Matt is using all the standard “they are negotiating things behind closed doors” blather and then says “that the “mainstream democrats share the same worldview [as us]”

        Jimmy takes off his glasses gets one inch away from his webcam and says “WTF, are you on drugs, are you sh*tting me saying mainstream corporate democrats that the regular corporate democrats and us share the same worldview?!”

        Matt said “Yep”. Jimmy then went off his nut, and rightly so. Even Matt doesn’t get it.

        Keep going Jimmy.

    2. Massinissa

      “But democratic-socialist politicians like Alexandria Ocasio-Cortez aren’t the ones standing in the way of an American welfare state. Let’s figure out how to actually build working-class power and win change.”

      Ah yes, the welfare state. Supposedly radical Jacobin now thinks the best we can get is a welfare state? You know, the system pioneered by the right wing Otto von Bismark in order to curtail Socialist movements in Germany, and which has pretty much been serving that function world wide ever since? Aren’t we supposed to start the bargaining with something more radical than that so as to be able to get a welfare state or something similar through haggling? If we tell the government we want a welfare state as our starting demand they’re going to try and give us another check that can’t pay for the month’s rent and then say they went ‘halfway’.

  6. Cocomaan

    Regarding the death of local news and random explosions:

    A few years ago in a suburban county of Philadelphia, there were months of random explosions that scared the living family blog out of people, including some of my relatives.

    I remember the local news reporting being sluggish on it. Same with local PD. Finally someone called in the feds after this went on for several months. Eventually it was discovered that some crazy guy and his girlfriend had made a habit out of building explosives.

    1. Louis Fyne

      It’s not just explosions.

      Crime, muncipal-state corruption/self-dealing, performance of school districts, pollution, etc.

      the current status of local news makes whatever was the norm 30 years ago seem like it was the Golden Age of local reporting.

      My hometown’s newspaper, the Chicago Tribune, once had its own network of foreign and domestic news bureaus—-now it’s AP-NYT-Bloomberg wire reports + hyperpartisan columnists. + sports + no critical pushback against local officials.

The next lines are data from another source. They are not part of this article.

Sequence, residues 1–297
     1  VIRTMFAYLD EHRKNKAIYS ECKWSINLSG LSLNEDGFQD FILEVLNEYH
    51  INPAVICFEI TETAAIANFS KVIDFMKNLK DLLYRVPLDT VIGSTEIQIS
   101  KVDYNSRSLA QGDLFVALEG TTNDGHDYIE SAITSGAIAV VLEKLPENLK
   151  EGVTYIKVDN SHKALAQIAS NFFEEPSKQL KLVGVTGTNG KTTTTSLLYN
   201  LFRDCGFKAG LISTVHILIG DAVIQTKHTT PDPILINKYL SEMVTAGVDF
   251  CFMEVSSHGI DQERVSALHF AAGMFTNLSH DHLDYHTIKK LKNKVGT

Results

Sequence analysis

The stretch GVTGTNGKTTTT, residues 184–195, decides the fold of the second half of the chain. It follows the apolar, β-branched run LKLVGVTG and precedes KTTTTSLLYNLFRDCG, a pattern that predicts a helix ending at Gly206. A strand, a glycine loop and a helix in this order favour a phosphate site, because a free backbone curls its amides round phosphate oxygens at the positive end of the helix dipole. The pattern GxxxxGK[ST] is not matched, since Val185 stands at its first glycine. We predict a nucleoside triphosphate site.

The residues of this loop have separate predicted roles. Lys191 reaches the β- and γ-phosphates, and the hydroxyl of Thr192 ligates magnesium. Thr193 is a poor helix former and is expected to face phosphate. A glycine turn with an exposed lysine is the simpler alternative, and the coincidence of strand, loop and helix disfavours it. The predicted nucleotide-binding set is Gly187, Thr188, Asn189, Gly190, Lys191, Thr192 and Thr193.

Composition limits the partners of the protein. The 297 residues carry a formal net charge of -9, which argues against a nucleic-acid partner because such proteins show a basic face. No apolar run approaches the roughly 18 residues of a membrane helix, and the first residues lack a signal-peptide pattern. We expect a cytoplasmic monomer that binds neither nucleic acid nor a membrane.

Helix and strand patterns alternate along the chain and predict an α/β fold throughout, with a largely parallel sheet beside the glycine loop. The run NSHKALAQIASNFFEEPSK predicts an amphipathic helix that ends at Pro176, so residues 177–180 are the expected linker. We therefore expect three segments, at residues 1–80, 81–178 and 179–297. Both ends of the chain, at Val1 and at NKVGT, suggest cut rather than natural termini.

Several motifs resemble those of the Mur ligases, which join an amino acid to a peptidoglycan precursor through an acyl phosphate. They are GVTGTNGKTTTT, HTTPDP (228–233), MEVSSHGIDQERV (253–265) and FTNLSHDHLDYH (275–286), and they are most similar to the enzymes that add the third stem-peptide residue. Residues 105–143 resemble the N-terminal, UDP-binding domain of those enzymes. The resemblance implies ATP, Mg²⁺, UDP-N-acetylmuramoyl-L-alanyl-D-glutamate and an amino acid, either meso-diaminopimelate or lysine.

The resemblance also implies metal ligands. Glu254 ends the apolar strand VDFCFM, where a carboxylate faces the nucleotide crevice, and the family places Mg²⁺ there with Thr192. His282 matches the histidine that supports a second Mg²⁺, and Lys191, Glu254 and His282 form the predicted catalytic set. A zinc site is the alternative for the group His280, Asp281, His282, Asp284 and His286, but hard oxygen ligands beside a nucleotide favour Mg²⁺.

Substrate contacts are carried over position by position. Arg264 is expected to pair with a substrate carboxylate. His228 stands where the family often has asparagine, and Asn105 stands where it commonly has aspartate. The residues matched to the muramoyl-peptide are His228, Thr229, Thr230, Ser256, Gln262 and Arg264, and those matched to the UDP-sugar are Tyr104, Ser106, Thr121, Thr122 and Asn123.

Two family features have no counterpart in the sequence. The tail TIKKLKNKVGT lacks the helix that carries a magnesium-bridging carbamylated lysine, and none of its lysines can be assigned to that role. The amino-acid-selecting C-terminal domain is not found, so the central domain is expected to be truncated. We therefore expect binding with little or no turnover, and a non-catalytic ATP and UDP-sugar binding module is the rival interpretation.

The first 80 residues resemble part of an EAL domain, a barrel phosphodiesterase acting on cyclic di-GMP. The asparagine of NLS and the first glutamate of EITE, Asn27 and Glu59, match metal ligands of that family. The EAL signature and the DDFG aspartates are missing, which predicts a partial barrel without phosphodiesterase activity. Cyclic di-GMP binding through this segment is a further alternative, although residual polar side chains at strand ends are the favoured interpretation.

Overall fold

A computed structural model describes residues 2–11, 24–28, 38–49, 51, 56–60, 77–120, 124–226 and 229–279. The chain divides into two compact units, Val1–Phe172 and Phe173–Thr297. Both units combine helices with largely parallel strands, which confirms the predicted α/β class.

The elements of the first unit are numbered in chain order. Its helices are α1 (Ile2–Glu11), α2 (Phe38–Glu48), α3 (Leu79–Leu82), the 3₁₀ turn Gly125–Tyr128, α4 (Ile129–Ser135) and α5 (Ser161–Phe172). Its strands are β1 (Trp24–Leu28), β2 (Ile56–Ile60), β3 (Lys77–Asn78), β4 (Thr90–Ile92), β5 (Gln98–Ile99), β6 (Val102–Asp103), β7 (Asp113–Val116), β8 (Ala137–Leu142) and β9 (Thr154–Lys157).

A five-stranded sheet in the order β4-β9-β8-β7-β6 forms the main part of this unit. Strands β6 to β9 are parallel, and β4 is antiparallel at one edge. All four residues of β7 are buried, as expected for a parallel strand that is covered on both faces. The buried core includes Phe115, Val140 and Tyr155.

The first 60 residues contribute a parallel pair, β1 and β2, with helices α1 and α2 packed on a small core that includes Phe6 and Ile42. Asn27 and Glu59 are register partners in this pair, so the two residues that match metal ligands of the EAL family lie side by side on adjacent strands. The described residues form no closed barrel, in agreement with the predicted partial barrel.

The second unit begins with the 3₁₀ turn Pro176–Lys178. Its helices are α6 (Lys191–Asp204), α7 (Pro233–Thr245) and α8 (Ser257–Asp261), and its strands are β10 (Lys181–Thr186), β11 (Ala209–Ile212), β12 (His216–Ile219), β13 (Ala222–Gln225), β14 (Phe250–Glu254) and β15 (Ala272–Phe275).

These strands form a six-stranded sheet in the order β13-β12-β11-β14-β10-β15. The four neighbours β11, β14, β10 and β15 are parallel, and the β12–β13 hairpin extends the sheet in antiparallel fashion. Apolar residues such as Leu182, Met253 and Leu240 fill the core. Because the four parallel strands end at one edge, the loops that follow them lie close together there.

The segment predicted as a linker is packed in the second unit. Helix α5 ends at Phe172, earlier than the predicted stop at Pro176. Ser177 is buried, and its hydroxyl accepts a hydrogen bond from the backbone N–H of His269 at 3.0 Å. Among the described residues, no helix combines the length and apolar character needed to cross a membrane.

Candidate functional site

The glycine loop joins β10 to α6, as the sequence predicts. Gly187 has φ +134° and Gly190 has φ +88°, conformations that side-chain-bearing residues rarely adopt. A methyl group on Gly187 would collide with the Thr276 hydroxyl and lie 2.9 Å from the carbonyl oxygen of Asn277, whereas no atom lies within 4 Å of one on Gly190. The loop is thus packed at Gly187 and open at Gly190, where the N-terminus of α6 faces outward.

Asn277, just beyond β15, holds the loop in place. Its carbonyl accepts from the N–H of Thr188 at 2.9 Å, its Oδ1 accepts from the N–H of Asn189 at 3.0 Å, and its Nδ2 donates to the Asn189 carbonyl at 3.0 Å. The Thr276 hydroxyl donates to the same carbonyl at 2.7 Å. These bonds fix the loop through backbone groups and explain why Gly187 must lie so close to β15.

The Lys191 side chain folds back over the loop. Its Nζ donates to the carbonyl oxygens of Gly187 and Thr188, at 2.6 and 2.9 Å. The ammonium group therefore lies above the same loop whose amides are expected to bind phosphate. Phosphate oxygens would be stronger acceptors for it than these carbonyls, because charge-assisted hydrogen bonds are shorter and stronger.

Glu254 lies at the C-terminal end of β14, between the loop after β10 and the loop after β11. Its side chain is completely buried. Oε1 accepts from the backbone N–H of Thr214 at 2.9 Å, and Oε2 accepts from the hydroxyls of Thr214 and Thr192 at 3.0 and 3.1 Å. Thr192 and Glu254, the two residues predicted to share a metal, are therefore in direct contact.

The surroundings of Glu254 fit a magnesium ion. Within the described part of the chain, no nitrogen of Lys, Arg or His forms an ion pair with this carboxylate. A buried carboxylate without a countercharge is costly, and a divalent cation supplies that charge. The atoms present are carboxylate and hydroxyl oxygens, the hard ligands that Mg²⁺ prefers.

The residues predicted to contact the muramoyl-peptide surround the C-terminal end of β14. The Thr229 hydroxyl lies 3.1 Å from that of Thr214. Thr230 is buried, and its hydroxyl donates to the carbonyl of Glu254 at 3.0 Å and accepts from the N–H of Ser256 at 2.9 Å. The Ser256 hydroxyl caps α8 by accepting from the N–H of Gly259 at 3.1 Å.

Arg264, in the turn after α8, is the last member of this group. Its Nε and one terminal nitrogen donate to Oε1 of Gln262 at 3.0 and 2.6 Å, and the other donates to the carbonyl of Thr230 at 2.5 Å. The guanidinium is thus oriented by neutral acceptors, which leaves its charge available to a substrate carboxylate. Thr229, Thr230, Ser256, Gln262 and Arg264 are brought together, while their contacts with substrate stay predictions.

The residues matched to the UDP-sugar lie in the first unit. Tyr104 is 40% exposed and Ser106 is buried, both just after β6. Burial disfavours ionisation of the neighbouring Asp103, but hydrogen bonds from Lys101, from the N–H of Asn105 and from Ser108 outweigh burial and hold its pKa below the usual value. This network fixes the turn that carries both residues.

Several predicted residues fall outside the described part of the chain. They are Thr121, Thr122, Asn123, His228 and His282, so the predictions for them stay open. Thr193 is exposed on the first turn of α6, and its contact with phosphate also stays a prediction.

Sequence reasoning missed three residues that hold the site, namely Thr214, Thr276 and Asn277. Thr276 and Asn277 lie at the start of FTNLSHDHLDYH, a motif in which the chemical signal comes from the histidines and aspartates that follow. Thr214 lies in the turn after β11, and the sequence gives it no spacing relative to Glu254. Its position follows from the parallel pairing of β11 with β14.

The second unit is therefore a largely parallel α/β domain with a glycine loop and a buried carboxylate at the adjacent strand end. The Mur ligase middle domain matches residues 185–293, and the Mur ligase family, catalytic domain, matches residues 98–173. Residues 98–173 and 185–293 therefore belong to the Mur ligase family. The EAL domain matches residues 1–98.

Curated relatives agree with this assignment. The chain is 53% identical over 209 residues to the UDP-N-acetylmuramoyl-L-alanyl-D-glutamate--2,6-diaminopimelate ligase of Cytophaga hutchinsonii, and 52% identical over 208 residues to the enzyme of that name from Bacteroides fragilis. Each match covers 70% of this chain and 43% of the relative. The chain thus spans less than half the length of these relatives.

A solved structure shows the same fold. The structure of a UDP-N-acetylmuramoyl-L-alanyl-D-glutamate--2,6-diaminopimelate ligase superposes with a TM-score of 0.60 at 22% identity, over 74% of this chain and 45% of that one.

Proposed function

And blame is on all sides: part of it is the decline of classifieds/change of news consumption, part MBA bad decisions, part m’eh demand for local news coverage unless it’s about sports or in a breakfast show TV format.


      1. jefemt

        Why support local news? Subscriptions cost $.

        One can get on a computer or gizmo and go seek the comfort of a siloed, limited-perspective source, for FREE?

        (sarc never off, but now on mute)

      2. Otis B Driftwood

        I am old enough to remember the Chicago Daily News, an afternoon paper that my family got for a short time. A full newspaper.

        I liked the comics. ;)

        We also had two semi-weekly local papers in my suburb. The father of one of my buddies was an an editor for one of them.

      3. Pelham

        Yes, I remember the Tribune. The Trib typically maintained about a dozen foreign correspondents. If you read them regularly — particularly Paul Salopek, Liz Sly, Chris Spolar and Tom Hundley — you’d get a markedly different and often more insightful take on world events than the usual stuff served up by the East Coast papers and other big-deal media.

        And for a while the Trib had an indispensable Washington bureau chief (his name escapes me now) who repeatedly called out the horrid and deeply compromising conflicts of interest common across the various big-name DC columnists and media figures who raked in money from speaking engagements and the like for monied interests. Of course, the Trib eventually dispensed with him. But it was nice while it lasted.

        The sad thing about all this, as far as I could see, was that readers just didn’t care.

        1. Another Rev

          You might be thinking of Peter Lisagore, who was actually with the Chicago Daily News. He was also a regular on Washington Week in Review on PBS.

          1. Pelham

            Thanks, but the guy was of more recent vintage. And the name comes to me now. It’s James Warren. Lisagore, however, was a figure to be reckoned with, too. As was the Chicago Daily News.

            As for the Tribune, even as late as the 1990s there were many top-notch journalists there, as one would know if one read the paper carefully and regularly. They certainly had the potential to contribute to the national conversation but just didn’t have the platform. This was true of the Los Angeles Times as well, and probably a number of other papers that maintained at least a few independent-minded people in a Washington bureau.

            But their platforms fell short of their talents. It wasn’t their newspapers’ fault. Still it’s a shame that all we’re left with now of any consequence is the New York Times, the Washington Post and maybe the Wall Street Journal — all East Coast institutions with quite naked fealty to the blob, as is true as well for the major TV and cable news networks. It’s sickening.

        2. Duke of Prunes

          The CWBChicago blog does a decent job of covering local crime, at least on the north side. They also report on some corruption from time to time.

      4. bob

        Crime reporting is now reporting press releases from the police and publishing mug shots and police blotters.

        “officer involved shooting” makes me wince typing it

    2. Polar Donkey